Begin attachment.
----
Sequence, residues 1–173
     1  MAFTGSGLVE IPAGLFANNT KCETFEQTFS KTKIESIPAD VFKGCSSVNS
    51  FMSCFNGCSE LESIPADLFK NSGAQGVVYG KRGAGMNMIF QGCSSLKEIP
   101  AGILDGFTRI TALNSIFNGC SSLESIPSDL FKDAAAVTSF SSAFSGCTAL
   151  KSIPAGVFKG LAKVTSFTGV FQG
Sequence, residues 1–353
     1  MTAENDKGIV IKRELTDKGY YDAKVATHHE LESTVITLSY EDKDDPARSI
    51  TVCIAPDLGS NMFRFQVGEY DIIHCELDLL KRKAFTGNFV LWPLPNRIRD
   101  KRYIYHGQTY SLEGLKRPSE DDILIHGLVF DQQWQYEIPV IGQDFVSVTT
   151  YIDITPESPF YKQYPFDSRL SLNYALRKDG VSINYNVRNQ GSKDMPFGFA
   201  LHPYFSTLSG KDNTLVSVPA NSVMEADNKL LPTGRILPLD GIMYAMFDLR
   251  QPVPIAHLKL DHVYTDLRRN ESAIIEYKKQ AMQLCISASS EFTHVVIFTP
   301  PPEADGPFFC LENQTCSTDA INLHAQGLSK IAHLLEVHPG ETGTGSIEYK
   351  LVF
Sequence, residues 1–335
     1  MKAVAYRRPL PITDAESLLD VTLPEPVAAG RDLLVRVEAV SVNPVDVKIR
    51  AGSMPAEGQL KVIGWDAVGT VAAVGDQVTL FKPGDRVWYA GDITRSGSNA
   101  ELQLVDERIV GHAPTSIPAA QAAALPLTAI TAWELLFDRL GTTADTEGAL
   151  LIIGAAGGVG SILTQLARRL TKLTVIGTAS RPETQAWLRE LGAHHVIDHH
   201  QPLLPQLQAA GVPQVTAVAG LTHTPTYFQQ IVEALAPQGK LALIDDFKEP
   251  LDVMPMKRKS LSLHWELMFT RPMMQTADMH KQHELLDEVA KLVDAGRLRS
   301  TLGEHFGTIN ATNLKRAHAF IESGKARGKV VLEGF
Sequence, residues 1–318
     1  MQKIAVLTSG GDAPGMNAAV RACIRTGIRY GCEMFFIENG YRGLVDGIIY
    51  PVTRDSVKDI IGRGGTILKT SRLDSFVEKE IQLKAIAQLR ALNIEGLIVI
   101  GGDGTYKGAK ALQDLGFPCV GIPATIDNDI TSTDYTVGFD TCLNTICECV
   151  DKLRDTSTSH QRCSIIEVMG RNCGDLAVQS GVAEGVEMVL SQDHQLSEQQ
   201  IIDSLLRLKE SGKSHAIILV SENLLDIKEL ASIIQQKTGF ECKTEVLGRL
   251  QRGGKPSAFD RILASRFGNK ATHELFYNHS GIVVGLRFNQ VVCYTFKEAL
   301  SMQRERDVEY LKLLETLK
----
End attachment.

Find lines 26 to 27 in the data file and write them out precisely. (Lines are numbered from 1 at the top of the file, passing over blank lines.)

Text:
   101  GGDGTYKGAK ALQDLGFPCV GIPATIDNDI TSTDYTVGFD TCLNTICECV
   151  DKLRDTSTSH QRCSIIEVMG RNCGDLAVQS GVAEGVEMVL SQDHQLSEQQ